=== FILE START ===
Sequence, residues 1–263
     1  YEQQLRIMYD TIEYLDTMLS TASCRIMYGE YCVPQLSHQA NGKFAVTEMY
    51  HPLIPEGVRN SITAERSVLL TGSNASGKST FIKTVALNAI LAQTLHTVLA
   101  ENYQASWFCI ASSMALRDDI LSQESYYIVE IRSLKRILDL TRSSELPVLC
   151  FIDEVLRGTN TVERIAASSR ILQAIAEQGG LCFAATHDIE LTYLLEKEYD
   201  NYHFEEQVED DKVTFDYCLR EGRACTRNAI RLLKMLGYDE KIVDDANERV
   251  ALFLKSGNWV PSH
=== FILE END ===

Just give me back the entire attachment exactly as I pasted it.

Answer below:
Sequence, residues 1–263
     1  YEQQLRIMYD TIEYLDTMLS TASCRIMYGE YCVPQLSHQA NGKFAVTEMY
    51  HPLIPEGVRN SITAERSVLL TGSNASGKST FIKTVALNAI LAQTLHTVLA
   101  ENYQASWFCI ASSMALRDDI LSQESYYIVE IRSLKRILDL TRSSELPVLC
   151  FIDEVLRGTN TVERIAASSR ILQAIAEQGG LCFAATHDIE LTYLLEKEYD
   201  NYHFEEQVED DKVTFDYCLR EGRACTRNAI RLLKMLGYDE KIVDDANERV
   251  ALFLKSGNWV PSH